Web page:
Jesse Jackson Diagnosed with Parkinson’s Disease

Civil rights activist Jesse Jackson has been diagnosed with Parkinson’s disease (PD), a neurological disorder that affects movement and speech. The disease is caused by the death of brain cells that contain dopamine, a neurotransmitter necessary for communication within the brain.

Signs of Parkinson’s often begin with a small tremor in the hand and muscle stiffness and progresses to difficulty balancing, walking and coordinating movement. Usually, symptoms are worse on one side of the body. Patients can also experience depression, sleep problems, anxiety, fatigue and constipation.

“My family and I began to notice changes about three years ago,” Jackson wrote in a statement. “After a battery of tests, my physicians identified the issue as Parkinson’s disease, a disease that bested my father.”

Jackson, 76, added that, “recognition of the effects of this disease on me has been painful.”

The two-time Democratic presidential candidate also said he sees his diagnosis as “a signal that I must make lifestyle changes and dedicate myself to physical therapy in hopes of slowing the disease’s progression.”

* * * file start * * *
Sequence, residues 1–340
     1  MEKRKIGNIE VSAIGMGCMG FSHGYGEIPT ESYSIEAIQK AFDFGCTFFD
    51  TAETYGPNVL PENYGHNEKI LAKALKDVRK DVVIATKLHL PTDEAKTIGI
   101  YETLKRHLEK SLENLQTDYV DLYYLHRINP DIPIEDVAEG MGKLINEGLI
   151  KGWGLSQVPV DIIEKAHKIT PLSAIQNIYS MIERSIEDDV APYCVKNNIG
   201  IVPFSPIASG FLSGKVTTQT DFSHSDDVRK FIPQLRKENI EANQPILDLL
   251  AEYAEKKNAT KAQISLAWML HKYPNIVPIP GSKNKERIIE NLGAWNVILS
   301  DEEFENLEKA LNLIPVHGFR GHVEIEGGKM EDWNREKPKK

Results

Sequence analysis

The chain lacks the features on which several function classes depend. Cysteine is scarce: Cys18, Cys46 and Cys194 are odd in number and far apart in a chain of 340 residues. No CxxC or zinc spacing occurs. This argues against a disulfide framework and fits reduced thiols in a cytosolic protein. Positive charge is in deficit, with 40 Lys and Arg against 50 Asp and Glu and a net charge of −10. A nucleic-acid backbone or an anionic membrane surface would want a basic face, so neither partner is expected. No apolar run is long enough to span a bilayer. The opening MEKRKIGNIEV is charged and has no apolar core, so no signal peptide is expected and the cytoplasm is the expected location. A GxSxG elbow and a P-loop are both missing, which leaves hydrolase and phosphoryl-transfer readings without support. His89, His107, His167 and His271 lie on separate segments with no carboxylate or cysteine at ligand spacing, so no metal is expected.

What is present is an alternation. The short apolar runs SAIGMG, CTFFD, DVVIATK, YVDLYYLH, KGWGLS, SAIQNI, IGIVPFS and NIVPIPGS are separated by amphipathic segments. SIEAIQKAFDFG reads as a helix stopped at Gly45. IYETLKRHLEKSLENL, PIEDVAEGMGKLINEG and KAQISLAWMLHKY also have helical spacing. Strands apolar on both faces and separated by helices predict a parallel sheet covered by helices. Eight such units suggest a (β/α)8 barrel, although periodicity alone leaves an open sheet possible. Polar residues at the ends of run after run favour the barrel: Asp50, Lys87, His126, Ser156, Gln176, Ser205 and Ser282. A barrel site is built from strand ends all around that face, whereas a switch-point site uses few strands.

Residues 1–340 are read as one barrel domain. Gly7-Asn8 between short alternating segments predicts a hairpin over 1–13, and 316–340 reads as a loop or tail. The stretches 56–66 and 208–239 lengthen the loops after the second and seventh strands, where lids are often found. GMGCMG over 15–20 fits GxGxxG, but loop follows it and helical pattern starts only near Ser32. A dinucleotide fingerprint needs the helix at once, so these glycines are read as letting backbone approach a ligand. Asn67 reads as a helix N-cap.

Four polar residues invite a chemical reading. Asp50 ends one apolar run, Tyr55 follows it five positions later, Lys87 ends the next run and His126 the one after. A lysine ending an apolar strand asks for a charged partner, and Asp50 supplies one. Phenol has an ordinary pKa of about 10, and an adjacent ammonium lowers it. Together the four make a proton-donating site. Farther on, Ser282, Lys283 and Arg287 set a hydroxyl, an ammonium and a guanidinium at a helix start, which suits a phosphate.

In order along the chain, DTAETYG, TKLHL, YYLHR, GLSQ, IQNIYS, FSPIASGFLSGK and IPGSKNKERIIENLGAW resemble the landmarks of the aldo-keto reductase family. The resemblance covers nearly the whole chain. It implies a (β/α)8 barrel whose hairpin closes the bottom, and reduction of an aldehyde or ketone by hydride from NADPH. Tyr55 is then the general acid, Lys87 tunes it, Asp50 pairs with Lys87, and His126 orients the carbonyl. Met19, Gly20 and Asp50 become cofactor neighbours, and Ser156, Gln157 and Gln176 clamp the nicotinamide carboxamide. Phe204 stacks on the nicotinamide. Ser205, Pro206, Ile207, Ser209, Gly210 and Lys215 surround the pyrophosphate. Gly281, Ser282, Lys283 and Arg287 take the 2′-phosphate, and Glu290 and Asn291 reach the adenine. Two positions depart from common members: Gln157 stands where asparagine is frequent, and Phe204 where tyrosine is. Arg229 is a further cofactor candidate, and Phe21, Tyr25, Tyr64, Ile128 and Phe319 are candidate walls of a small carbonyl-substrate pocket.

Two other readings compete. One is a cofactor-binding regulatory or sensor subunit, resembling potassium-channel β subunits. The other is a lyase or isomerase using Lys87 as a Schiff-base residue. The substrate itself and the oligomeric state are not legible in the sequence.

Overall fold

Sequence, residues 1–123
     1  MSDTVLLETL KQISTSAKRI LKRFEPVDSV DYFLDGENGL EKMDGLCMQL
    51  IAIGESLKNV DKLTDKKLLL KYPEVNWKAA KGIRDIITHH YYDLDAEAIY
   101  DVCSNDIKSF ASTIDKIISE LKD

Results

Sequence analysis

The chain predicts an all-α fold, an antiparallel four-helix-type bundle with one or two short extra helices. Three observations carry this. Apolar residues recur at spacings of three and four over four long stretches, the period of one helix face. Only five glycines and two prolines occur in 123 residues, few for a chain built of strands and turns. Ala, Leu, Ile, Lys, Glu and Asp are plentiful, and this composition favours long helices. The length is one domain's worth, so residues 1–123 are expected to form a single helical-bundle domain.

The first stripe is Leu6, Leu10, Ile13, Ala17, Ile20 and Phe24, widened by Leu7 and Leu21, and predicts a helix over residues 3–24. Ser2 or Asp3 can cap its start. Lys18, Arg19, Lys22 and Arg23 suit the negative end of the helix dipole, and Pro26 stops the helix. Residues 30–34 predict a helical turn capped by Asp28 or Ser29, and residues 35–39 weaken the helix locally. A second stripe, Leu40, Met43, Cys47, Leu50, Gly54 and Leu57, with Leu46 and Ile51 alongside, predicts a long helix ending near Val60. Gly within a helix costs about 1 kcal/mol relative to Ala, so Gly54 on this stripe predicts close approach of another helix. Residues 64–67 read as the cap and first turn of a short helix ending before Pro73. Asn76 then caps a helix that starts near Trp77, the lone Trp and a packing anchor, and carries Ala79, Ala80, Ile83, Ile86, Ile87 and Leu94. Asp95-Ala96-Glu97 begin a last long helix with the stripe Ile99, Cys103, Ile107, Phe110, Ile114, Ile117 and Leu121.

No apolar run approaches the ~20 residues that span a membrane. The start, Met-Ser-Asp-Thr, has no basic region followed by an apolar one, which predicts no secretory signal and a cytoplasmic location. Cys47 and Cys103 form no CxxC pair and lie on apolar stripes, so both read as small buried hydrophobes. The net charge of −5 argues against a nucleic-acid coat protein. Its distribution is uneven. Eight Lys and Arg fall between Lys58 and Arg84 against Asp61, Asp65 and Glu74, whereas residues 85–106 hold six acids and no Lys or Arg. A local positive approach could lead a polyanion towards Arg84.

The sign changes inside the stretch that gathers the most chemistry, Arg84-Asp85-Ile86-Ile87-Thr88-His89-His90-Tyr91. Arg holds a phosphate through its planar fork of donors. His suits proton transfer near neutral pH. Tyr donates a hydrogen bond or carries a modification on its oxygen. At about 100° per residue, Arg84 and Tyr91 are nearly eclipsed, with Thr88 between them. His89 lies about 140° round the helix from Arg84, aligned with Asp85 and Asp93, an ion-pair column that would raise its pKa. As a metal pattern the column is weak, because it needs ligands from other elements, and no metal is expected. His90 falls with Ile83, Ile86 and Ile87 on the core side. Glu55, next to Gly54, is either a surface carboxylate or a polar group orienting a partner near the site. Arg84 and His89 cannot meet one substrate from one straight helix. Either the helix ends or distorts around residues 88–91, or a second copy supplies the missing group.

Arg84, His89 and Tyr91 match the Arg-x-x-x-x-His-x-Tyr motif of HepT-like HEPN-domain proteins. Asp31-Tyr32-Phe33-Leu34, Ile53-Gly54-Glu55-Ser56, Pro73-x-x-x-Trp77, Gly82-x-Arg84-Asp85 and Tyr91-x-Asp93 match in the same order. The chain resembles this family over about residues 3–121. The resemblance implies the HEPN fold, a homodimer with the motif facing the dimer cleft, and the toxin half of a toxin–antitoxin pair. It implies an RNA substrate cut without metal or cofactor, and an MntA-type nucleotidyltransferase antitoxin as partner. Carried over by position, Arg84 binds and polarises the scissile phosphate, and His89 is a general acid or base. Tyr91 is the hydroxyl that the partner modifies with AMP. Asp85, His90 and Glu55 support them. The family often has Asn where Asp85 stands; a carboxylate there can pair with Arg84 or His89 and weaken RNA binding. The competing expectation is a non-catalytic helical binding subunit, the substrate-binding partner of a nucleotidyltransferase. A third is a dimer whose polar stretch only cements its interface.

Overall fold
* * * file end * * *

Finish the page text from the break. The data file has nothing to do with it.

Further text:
The native of Greenville South Carolina was involved in civil rights demonstrations with the Rev. Martin Luther King Jr., and he was with Dr. King when he was assassinated at the Lorraine Motel in Memphis, Tennessee, on April 4, 1968. In 2000, Rev. Jackson received the Presidential Medal of Freedom from President Bill Clinton for his role in successfully negotiating for the release of three US soldiers who had been held in Yugoslavia.

Moe recently, Jackson spoke out in 2014 about the shooting death of 18-year-old Ferguson, Missouri, resident Michael Brown, which sparked protests and a national debate about race and police.

About one million people have Parkinson’s disease in the US, according to the Parkinson’s Disease Foundation. Men are more likely to get it than women, and it usually affects people over age 50. The foundation says about 15% to 25% of Parkinson’s patients have a family member with the disease. A variety of genes — more than 20 — either cause or contribute to the risk of developing Parkinson’s disease.

The research article, “Racial differences in the diagnosis of Parkinson’s disease,” showed that African-Americans were half as likely to be diagnosed with PD as whites. Analysis of this research, however, revealed “geographic and financial barriers to access to healthcare among African-Americans may lead to undetected PD among this underserved minority.”

Currently, there is no cure for Parkinson’s disease, and until a cure or effective treatments are found, exercise is beneficial to Parkinson’s patients. A number of studies have shown that aerobics and strength training can improve depression, slow the progress of motor symptoms and help patients think.

“I am far from alone,” Jackson said in his statement.

“I want to thank my family and friends who continue to care for me and support me,” he concluded. “I will need your prayers and graceful understanding as I undertake this new challenge.”

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